Article [of Amendment 4]-[No Abuse of the Treaty Power]

No treaty or other international agreement may enlarge the legislative power of Congress granted by this Constitution, nor govern except by legislation any activity that is confined within the United States.

Article [of Amendment 5]-[Freedom of Political Speech and Press]

The freedom of speech and press includes any contribution to political campaigns or to candidates for public office; and shall be construed to extend equally to any medium of communication however scarce.

Article [of Amendment 6]-[Power of States to Check Federal Power]

Upon the identically worded resolutions of the legislatures of at least one half of the states containing no less than half the citizens of the United States, any law or regulation of the United States, identified with specificity, is thereby rescinded.

Article [of Amendment 7]-[Term Limits for Congress]

Section 1. No person may serve for more than twelve years as a member of Congress, whether such service is exclusively in the House or the Senate or combined in both Houses.
Section 2. Upon ratification of this Article, an incumbent member of Congress whose term exceeds the twelve-year limit shall complete the current term, but thereafter be ineligible for further service as a member of Congress.

Article [of Amendment 8]-[Balanced Budget Line Item Veto]

Section 1. The budget of the United States shall be deemed unbalanced whenever the total amount of the public debt of the United States at the close of any fiscal year is greater than the total amount of such debt at the close of the preceding fiscal year.
Section 2. Whenever the budget of the United States is unbalanced, the President may, during the next annual session of Congress, separately approve, reduce, or disapprove any monetary amounts in any legislation that appropriates or authorizes the appropriation of any money drawn from the Treasury, other than money for the operation of the Congress and judiciary of the United States.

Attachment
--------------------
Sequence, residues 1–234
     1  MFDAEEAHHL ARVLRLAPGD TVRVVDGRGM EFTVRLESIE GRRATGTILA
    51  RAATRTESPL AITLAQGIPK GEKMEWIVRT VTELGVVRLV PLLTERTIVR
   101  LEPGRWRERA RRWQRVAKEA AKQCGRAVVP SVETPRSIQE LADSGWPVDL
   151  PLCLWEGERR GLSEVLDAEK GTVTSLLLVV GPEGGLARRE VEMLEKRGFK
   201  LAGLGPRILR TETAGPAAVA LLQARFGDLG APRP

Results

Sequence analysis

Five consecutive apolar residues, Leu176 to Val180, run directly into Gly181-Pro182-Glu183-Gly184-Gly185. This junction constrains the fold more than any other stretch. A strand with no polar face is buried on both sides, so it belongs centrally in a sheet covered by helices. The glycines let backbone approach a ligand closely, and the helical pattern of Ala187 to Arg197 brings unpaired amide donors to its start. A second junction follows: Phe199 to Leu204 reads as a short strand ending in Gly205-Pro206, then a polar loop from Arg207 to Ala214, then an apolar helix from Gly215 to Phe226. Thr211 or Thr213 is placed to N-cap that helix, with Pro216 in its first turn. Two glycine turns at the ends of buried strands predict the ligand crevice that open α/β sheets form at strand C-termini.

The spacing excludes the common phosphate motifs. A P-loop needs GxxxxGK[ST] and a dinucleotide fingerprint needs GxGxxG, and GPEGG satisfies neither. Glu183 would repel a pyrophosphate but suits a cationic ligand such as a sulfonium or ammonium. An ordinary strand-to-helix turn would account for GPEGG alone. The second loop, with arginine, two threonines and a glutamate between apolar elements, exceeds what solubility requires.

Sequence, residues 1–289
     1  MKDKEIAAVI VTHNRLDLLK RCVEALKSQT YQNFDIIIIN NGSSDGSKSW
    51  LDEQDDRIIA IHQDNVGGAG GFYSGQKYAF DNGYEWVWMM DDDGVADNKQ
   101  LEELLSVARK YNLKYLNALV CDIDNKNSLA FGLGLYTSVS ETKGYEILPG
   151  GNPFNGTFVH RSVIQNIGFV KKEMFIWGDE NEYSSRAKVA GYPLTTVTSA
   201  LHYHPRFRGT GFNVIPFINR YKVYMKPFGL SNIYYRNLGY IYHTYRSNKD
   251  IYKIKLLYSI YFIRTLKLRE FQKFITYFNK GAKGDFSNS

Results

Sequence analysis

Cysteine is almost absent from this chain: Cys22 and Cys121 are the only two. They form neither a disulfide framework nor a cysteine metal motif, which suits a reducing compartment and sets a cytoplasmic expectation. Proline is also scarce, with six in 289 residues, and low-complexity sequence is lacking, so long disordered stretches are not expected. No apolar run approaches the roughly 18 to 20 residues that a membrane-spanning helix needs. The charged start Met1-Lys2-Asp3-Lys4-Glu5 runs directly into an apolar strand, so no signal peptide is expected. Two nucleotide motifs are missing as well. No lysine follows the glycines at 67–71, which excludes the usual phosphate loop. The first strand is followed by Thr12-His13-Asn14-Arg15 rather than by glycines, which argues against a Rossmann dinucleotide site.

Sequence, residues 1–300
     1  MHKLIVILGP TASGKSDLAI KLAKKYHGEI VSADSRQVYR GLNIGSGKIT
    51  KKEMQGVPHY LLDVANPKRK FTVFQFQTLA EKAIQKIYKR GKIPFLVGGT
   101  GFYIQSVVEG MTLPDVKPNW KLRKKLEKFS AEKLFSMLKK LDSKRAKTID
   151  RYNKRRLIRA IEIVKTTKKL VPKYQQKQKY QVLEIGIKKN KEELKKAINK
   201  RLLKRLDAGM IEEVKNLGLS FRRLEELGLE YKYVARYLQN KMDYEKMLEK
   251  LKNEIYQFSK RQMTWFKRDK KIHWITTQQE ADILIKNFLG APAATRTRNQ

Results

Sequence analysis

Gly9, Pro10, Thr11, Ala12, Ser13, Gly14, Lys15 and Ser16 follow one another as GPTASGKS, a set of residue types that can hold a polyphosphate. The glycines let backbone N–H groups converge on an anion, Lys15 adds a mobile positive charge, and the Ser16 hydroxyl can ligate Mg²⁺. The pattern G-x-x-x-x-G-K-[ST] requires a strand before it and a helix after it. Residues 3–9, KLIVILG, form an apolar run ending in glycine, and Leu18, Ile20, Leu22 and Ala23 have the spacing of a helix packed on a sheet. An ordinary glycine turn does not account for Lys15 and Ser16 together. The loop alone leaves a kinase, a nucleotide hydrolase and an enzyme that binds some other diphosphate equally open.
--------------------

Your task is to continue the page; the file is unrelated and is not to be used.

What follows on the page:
Section 3. Any legislation that the President approves with changes pursuant to the second section of this Article shall become law as modified. The President shall return with objections those portions of the legislation containing reduced or disapproved monetary amounts to the House where such legislation originated, which may then, in the manner prescribed in the seventh section of the first Article of this Constitution, separately reconsider each reduced or disapproved monetary amount.
Section 4. The Congress shall have power to implement this Article by appropriate legislation; and this Article shall take effect on the first day of the next annual session of Congress following its ratification.

Article [of Amendment 9]-[The Rights Retained by the People]

Section 1. All persons are equally free and independent, and have certain natural, inherent, and unalienable rights which they retain when forming any government, amongst which are the enjoying, defending, and preserving of their life and liberty, acquiring, possessing, and protecting real and personal property, making binding contracts of their choosing, and pursuing their happiness and safety.
Section 2. The due process of law shall be construed to provide the opportunity to introduce evidence or otherwise show that a law, regulation or order is an infringement of such rights of any citizen or legal resident of the United States, and the party defending the challenged law, regulation, or order shall have the burden of establishing the basis in law and fact of its conformity with this Constitution.

Article [of Amendment 10]-[Neither Foreign Law nor American Judges May Alter the Meaning of Constitution]

The words and phrases of this Constitution shall be interpreted according to their meaning at the time of their enactment, which meaning shall remain the same until changed pursuant to Article V; nor shall such meaning be altered by reference to the law of nations or the laws of other nations.